In the spiritual sphere, then, it is extremely difficult to be precise about where human activity ends and where divine activity, in humans, begins. The cynical unbelievers were able to attribute everything that the apostles, or the Lord Jesus, did to human powers, sorcery or trickery.
Now, one of the tenets of my thinking on creation is that there is no good reason to believe that the God who reveals his ways in human redemption has entirely different ways in dealing with his creation. Semi-deism is an unstable theological position – and unscriptural, to boot. That is especially so once one escapes from the materialist view of nature as a “machine”, or a collection of machines, and returns to the Aristotelian – and biblical, actually – idea that it is a “being”, or a community of beings. God’s care for his obedient creatures is directly comparable to his care for sinful people. “There is a grandeur in this view of life…”
If evolution turns out to be more teleological than the arid Modern Synthesis, with its clear Epicurean agenda, has allowed, then it’s likely to be very hard to pin down the source of that teleology, based on the model of God’s Holy Spirit in the human world, who is the same Spirit said, in Scripture, to empower the created world. Currently, both forms of teleology are opaque to science, which in its present form has, since Bacon, excluded teleology (final causes) from its purview, and also refuses to see God as either a valid efficient cause or a teleological agent, through the insistence on methodological naturalism.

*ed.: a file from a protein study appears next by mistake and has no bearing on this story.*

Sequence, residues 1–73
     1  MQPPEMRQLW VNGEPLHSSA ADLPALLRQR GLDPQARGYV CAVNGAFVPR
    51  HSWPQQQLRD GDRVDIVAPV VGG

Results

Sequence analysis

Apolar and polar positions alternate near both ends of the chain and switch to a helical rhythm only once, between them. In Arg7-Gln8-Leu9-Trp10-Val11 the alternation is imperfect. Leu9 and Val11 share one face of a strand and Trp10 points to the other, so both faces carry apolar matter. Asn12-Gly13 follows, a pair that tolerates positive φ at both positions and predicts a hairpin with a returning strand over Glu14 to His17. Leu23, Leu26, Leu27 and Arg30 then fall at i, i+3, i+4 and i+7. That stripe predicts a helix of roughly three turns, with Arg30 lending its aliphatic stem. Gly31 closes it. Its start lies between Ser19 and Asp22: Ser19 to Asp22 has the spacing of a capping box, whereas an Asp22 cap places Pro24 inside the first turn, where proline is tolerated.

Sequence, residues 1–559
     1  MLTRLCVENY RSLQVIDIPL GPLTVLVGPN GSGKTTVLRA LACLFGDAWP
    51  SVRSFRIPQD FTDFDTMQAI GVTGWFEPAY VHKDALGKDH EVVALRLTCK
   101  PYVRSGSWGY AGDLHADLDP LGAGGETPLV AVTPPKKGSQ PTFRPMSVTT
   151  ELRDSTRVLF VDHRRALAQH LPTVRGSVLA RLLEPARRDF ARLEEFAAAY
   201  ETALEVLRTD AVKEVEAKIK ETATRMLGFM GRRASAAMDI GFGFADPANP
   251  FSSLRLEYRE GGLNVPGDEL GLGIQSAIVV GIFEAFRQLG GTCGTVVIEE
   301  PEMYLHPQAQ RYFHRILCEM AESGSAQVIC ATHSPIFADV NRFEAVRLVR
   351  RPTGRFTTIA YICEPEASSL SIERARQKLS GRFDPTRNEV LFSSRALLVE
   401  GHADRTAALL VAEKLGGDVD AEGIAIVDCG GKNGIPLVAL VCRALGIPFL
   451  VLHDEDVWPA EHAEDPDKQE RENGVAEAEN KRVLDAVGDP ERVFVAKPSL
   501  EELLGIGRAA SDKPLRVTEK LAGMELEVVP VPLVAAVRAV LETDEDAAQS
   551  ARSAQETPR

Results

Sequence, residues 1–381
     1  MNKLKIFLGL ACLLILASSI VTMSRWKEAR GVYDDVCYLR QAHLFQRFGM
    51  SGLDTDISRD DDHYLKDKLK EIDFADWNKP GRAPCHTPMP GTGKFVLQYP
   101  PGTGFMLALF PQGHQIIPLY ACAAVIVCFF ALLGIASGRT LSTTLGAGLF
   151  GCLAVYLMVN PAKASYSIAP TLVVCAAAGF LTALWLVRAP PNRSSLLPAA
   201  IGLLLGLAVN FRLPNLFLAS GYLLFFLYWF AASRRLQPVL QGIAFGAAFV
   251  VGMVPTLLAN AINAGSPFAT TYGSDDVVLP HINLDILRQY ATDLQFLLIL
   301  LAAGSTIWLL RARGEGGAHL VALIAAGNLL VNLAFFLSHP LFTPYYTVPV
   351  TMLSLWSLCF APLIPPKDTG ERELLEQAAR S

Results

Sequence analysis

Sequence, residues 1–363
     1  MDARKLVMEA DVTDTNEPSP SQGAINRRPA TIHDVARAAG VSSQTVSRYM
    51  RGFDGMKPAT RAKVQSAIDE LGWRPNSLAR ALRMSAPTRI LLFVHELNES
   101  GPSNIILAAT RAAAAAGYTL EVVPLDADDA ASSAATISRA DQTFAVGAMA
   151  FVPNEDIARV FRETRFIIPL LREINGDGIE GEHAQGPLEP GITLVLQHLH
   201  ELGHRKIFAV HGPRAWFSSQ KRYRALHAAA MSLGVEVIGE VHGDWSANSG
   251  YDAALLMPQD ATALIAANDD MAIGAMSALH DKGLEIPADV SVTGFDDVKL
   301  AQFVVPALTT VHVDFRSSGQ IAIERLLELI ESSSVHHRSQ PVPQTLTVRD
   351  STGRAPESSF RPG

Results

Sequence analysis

If life is indeed inherently teleological, only a fundamental change in the metaphysics of science will allow life to be understood better – Marshall is quite right in that. But if God, as a source of extrinsic teleology, were to remain excluded from any new methodology, the inevitable result would be a kind of panpsychism. Such a thing surfaces not only in the work of Christians like Perry Marshall and agnostics like Paul Davies, but in many of the theorists of Theistic Evolution before the Francis Collins era, who were often greatly influenced by Alfred North Whitehead’s process philosophy, for the simple reason that it seemed to avoid the need to scrap methodological naturalism.
But to attribute to creatures within nature agency which, properly, belongs to God is nothing but idolatry, and indeed the very paradigmatic kind of idolatry Paul describes in Rom. 1:22-23.There is a grave danger of ceasing to be materialists only to become pagans.
In this, at least, Robert Boyle and the other “mechanical philosophers” were right – to admit teleology but exclude God is the path to forming idols.